I don’t know about you, but I love hydrangeas. They’re just so big and lush, I just had to hand dye some wool top to celebrate their riot of blues, pinks and purples.
This Polwarth wool top (sometimes mistakenly called a roving, read below) was hand dyed by me here in my tiny Edinburgh studio. It is a one-of-a-kind colourway.
If you’re looking for wool for felting and spinning but want something other than Merino, this super soft Polwarth is perfect for your needs. It’s a still medium staple fibre, but it has a lot more bounce and more volume than Merino. Polwarth wool is truly a joy to work with.
There is a whole 100 grams (or 3.5 ounces) for you to play with as you wish.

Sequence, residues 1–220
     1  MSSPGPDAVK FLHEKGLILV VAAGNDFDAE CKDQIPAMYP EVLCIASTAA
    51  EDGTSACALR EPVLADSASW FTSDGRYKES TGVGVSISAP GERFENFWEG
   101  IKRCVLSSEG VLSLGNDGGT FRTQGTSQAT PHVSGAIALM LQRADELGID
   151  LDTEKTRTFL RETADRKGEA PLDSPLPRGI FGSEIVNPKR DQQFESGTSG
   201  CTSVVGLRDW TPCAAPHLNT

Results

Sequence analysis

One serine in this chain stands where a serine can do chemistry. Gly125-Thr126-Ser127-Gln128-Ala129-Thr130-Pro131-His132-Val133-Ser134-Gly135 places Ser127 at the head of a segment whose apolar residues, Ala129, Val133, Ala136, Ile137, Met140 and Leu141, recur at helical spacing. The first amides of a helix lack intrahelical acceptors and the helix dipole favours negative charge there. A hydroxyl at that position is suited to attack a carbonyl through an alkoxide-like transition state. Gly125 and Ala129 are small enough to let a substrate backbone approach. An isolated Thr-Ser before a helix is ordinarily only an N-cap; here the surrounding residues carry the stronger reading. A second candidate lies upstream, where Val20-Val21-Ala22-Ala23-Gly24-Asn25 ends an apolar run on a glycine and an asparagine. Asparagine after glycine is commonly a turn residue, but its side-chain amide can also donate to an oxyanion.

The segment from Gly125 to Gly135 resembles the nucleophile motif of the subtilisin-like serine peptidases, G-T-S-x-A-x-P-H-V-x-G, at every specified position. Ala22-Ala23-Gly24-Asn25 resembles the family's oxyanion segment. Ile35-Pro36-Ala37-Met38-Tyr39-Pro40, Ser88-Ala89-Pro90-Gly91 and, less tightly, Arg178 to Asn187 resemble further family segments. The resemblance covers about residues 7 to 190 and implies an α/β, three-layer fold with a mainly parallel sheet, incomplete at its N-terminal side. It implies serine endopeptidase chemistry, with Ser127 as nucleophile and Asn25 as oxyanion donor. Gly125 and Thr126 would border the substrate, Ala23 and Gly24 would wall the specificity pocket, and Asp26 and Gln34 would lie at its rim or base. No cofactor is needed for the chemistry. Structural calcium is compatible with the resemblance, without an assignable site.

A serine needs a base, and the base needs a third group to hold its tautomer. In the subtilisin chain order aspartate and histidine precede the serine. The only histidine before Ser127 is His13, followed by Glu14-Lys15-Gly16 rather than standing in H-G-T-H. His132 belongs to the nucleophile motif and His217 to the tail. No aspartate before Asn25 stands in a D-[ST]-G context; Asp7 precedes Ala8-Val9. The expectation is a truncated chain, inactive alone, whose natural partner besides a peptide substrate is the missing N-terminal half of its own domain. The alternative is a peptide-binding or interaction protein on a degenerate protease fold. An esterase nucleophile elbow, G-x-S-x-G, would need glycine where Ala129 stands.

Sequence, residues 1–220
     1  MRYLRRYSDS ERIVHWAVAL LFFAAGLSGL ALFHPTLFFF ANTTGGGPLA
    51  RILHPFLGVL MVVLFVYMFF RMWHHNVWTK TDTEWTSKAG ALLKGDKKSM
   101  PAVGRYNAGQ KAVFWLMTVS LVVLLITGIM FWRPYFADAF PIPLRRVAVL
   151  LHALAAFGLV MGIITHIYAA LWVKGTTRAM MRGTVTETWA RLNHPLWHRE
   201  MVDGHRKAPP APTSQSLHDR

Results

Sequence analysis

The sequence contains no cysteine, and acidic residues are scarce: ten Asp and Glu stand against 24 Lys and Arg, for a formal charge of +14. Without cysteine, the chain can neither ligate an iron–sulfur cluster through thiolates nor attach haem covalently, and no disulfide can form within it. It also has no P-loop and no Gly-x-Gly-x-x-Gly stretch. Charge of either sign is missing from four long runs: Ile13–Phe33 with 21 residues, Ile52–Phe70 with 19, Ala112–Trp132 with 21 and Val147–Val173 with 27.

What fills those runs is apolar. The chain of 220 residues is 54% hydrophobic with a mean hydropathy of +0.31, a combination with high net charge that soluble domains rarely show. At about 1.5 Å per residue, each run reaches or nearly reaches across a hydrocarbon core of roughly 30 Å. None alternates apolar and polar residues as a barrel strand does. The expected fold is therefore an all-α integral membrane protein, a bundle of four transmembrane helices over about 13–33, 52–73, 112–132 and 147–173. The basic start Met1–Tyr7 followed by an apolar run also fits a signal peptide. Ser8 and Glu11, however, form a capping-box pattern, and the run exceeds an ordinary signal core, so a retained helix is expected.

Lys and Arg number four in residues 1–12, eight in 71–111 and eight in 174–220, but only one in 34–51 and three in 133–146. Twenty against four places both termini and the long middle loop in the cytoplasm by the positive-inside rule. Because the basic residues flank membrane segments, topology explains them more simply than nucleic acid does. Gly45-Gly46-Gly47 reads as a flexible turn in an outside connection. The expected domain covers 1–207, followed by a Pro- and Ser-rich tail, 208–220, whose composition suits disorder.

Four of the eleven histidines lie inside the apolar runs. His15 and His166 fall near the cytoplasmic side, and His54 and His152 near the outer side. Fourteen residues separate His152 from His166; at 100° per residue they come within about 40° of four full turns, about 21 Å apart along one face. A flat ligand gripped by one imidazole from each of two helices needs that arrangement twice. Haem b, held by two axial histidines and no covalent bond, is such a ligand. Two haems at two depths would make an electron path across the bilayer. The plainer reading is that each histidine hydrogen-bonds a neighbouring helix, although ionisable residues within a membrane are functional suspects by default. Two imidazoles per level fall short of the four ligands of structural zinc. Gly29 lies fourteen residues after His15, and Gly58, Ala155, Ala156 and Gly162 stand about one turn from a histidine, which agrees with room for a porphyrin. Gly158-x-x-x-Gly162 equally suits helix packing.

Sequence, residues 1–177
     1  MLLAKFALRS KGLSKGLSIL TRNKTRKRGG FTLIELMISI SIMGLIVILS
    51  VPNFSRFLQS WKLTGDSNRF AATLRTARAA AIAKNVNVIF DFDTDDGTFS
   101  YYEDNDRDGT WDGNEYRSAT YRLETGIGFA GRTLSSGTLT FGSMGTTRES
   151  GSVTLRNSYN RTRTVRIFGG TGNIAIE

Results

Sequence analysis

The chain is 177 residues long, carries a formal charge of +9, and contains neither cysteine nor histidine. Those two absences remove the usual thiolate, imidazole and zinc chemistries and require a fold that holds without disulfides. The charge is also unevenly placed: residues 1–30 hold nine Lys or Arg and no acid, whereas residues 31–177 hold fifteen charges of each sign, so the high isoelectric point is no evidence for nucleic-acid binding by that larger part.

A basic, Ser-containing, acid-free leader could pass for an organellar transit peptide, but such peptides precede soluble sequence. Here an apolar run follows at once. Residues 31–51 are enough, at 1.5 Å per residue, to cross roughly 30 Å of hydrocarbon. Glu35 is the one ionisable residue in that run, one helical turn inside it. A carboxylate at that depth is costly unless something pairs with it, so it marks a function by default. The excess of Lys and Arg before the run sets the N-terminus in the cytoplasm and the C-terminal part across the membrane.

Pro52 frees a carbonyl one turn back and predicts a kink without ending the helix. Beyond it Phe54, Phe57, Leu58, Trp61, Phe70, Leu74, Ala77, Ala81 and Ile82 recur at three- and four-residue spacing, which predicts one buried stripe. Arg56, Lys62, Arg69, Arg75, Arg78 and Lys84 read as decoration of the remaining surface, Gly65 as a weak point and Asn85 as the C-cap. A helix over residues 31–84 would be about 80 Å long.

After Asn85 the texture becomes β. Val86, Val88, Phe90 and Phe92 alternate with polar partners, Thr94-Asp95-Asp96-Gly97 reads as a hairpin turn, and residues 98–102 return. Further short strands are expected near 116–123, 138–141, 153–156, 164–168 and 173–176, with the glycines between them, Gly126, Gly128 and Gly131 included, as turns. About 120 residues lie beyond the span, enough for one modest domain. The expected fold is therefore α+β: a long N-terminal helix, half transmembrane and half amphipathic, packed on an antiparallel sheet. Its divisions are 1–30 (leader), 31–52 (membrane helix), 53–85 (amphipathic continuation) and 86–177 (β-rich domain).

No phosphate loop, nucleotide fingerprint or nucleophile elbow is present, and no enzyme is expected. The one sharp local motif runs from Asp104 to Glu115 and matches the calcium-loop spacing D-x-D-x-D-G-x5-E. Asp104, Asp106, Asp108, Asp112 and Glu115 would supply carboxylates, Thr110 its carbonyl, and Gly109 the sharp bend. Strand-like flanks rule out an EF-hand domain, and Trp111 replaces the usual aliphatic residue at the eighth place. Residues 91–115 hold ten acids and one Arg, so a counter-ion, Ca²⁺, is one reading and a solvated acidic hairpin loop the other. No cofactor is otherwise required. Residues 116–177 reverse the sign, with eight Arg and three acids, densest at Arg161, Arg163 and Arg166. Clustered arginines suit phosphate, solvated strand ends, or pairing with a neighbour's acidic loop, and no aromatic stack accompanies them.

What is the difference between wool top and wool roving?
I’m sure you’ve seen this type of wool referred as either wool top or wool roving, but which is this and what makes them different?
I’m glad you asked (well ok, I asked for you…)
Wool top is a type of mill processing which removes all the shorter staples and combs the remaining fibres in the same direction. The result is a smooth-looking continuous length of wool like the one you see in the photos above.
Wool roving is a little different, a lot of the shorter staples are left in and the fibres aren’t all combed in the same direction, so the appearance of the wool will be slightly fuzzier and less shiny in appearance.
Two different types of wool preparation, both with their merits, but definitely not the same and will yield different results if you’re using the wool for spinning and felting. Now you know!
A colour disclaimer
Although I have done my very best to convey the true colours of this wool, please note that my monitor settings may vary from yours.